blog,  lifestyle,  mental health

How to Talk With a Depressed Person

Here are some helpful tricks I have found to be useful when speaking to a depressed person:

Person: Everything we do is really pointless because we’re all going to die anyway.

You: That may be true. I’m hungry. What do you want for breakfast? Toast? Eggs?

*Redirection is your new best friend. Let them talk about the existential thoughts roiling inside them. You talk about food and how much you adore eggs and bacon. Let them know you heard what they said, validate them and redirect.

They have enough existentialism for both of you. Promise.

Person: I have no motivation to do anything.

You: Ugh. That’s awful. So I read a novel the other day that I thought was incredibly interesting. *Tell them about it* Oh, by they way, I’m about to do the piles of laundry I’ve been avoiding and watch a movie. Want to keep me company?

*Again, Redirect. Don’t try to “fix them.” Don’t try to immediately go into things they could do. Redirect the conversation and then maybe later approach them and say you’d like some company accomplishing some task. It’s okay if they say no. Keep offering.

Person: No one loves me or would care if I just didn’t exist.

You: So what you’re saying is you DON’T want to watch a romantic comedy. Cool. Because I wanted to watch an action movie anyway.

*Depression is not a logical illness. You can’t reason with it. You can’t convince it to be something else. A person can be the most loved person in the world and still feel incredibly alone. So when a person says, “No one loves me” it’s not about the reality of whether or not they are actually loved, it’s about the fact that they cannot feel it. They feel nothing but the void and the void tells them they—and everyone around them—would be better off with them not existing.

It’s okay to joke with a depressed person, by the way. Acknowledge the elephant in the room lightly.

Why not tell them you love them? You can, but I’ve found that “I love yous” take energy. When you tell someone you love them, you’re attempting to establish a connection; one a depressed person may not be able to return. Also, saying that you, indeed, love them can make them feel invalidated. As if they have “no right” to feel unloved.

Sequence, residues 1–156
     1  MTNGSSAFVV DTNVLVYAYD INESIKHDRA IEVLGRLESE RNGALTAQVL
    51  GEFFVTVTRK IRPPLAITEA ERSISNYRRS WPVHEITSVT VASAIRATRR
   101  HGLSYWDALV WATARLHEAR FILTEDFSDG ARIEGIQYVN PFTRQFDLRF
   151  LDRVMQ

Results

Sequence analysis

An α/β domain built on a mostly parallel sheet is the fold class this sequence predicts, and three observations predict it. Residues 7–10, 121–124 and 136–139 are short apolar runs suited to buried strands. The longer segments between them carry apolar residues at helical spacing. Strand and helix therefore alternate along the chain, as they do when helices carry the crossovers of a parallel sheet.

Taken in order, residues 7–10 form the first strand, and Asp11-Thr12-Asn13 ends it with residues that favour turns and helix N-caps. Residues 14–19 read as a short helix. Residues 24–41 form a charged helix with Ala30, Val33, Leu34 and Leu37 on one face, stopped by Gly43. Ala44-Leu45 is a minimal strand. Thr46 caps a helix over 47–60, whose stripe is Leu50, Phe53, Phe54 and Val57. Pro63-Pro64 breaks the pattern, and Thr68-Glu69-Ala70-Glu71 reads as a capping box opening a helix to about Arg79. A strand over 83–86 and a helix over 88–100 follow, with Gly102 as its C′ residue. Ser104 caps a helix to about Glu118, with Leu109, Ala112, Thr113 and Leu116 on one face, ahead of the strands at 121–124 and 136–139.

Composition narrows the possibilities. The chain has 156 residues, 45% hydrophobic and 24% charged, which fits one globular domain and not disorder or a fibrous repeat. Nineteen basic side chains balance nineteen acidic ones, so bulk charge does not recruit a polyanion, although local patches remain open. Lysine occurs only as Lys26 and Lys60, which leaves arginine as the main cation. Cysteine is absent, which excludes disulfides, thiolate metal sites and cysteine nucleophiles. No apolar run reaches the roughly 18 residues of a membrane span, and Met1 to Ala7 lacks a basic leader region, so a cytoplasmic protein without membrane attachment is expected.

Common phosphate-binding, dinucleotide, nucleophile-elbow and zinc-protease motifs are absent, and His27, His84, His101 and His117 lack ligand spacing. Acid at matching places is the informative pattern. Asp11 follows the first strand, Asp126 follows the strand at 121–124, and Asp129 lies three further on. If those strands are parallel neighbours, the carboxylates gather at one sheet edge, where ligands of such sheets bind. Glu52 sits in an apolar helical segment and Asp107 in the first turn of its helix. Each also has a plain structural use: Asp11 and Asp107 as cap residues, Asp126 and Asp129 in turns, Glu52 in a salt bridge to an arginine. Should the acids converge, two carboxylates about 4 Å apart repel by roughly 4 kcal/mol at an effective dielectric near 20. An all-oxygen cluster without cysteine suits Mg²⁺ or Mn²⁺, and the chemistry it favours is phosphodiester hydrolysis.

You’re there. You’re present. They know you love them even if they can’t feel it. It’s implied.


Person: I just want to be alone.

You: That’s fine. I wanted to sit and read my novel anyway. *Sit and read your novel*

*Often when a depressed person says they want to be alone, it means they don’t have the energy to “entertain” another person’s need. To be polite, they say they need to be alone. They know they’re not a bucket of laughs right now, they know they’re not exactly rainbows and sunshine at the moment and they don’t want to affect you negatively or “waste your time” or “keep you from something important.”

But I promise you, depressed people desperately want connection. Sometimes the best way to achieve this is just by “being.” Be there. Be present. Be tangible.

Make sure you let them know that you “being there” is not an inconvenience to you. Make being there YOUR idea. Don’t make demands for a conversation, just be.

We often ask depressed people to reach out if they need something … but the way they reach out is different than a person who isn’t depressed. A depressed person may reach out by letting you into their deepest, darkest thoughts.

When they say things like, “I have no motivation to do anything.”

That IS them reaching out. They are telling you they can’t reach out. They are telling you they have no desire to make plans or establish a connection.

They’re saying, “Please someone, ANYONE help me.”

I think a lot of us don’t know what to do with our depressed loved ones. We don’t know how to behave or what to say.

I say again: Redirect, redirect, redirect. Your new favorite boy band: Redirection

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